More than 100 flights out of the Twin Cities were cancelled by Hurricane Sandy Monday. Most of those flights were headed to the east coast, but an airport spokesman says the cancellations will cause a ripple effect through the week that will disrupt travel to the west, as well.
Airlines cancelled flights early enough to minimize the number of travelers stranded at the airport. But plenty of Minnesotans are stuck elsewhere, including the St. Cloud State women's hockey team. They played in Rhode Island over the weekend. Now they're hoping for a Thursday flight to get them home in time for Friday night's game. Finding ice time for a practice before then might be a long shot.
Travel problems notwithstanding, dozens of Minnesota emergency personnel are heading east to help out with the hurricane response. The Associated Press reports 33 are with the Minnesota Incident Command System, which typically responds to wildfires. They'll help clear downed trees to open roads in New York and Massachusetts.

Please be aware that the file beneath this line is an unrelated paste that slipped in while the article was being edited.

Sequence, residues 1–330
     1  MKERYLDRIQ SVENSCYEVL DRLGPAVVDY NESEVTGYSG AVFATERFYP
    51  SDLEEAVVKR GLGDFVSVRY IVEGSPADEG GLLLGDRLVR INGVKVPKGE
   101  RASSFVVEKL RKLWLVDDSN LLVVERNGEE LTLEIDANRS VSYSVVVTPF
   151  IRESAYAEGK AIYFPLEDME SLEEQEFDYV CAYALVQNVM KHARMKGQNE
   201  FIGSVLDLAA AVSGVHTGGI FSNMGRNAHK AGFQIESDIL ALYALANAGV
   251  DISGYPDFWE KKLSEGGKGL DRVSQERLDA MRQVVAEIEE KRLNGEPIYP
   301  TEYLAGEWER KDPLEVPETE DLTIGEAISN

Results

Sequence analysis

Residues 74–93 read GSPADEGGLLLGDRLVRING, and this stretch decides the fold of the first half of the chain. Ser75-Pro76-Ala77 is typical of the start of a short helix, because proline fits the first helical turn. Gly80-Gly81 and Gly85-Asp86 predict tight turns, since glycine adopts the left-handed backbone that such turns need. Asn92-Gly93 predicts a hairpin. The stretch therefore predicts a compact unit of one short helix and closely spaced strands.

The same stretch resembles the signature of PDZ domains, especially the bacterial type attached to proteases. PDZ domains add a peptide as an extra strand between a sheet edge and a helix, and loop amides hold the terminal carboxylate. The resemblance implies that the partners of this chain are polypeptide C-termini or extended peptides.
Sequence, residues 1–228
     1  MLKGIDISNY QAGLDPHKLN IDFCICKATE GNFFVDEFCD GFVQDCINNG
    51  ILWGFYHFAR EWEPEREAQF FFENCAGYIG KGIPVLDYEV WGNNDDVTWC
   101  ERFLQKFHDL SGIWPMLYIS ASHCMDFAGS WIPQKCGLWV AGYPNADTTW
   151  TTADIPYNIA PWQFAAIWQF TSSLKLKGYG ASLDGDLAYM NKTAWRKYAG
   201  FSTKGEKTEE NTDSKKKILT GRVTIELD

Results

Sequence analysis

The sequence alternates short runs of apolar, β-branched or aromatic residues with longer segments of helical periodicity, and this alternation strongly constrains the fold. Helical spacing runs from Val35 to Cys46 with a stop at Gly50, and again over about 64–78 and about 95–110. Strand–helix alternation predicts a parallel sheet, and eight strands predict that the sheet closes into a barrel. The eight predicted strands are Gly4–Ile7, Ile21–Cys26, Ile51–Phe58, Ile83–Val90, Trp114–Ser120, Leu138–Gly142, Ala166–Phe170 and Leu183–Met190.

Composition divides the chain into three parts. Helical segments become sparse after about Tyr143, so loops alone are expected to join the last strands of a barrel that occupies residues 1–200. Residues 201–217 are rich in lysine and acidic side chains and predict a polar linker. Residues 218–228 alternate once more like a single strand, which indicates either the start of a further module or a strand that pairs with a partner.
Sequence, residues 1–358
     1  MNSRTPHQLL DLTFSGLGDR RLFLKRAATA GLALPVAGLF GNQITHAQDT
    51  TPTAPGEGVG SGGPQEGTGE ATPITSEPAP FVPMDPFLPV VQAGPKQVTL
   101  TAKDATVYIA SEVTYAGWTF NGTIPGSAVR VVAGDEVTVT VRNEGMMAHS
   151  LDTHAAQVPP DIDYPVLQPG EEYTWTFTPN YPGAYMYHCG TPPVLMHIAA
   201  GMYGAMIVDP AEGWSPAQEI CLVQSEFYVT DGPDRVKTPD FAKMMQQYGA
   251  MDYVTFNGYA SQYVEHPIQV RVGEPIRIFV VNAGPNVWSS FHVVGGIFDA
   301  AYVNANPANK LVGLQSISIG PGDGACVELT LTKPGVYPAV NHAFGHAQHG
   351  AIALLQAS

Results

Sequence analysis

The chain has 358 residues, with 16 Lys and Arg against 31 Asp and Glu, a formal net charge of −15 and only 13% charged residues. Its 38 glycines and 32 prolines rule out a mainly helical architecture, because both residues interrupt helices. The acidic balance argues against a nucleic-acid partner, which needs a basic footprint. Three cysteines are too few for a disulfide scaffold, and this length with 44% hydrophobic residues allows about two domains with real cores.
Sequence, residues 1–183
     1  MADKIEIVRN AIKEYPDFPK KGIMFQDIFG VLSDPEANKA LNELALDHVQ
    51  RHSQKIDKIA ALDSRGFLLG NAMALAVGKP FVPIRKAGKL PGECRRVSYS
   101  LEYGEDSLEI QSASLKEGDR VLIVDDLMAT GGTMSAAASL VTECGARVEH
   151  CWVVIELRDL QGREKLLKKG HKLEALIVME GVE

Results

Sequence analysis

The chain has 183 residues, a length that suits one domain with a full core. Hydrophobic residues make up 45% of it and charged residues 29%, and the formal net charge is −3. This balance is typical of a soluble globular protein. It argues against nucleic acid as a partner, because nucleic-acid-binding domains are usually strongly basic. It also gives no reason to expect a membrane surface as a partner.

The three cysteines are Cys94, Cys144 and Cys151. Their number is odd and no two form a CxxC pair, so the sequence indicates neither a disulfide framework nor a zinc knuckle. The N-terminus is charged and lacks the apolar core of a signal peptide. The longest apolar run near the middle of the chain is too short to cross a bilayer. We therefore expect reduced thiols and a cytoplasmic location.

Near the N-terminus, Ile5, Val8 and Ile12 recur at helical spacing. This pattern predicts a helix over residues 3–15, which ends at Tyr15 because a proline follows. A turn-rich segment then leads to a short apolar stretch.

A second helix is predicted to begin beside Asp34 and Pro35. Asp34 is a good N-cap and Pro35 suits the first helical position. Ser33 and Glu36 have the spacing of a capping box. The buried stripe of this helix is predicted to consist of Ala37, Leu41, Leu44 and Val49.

How will the absence of those emergency workers affect local election results? Perhaps not at all. Secretary of State Mark Ritchie is contacting their organizations to remind them to vote early or absentee.
Hurricane damage on Monday included the sinking of the tall ship HMS Bounty off the coast of North Carolina. The ship's first mate, John Svendsen, is a Minnesota native and his mother endured a difficult morning in Nisswa before learning John was among those rescued by the Coast Guard.
Here's the Coast Guard's video of the rescue of crew members from a raft after the shipwreck.
The Twin Cities area Patch websites compiled information on some of the ways you can help the storm recovery.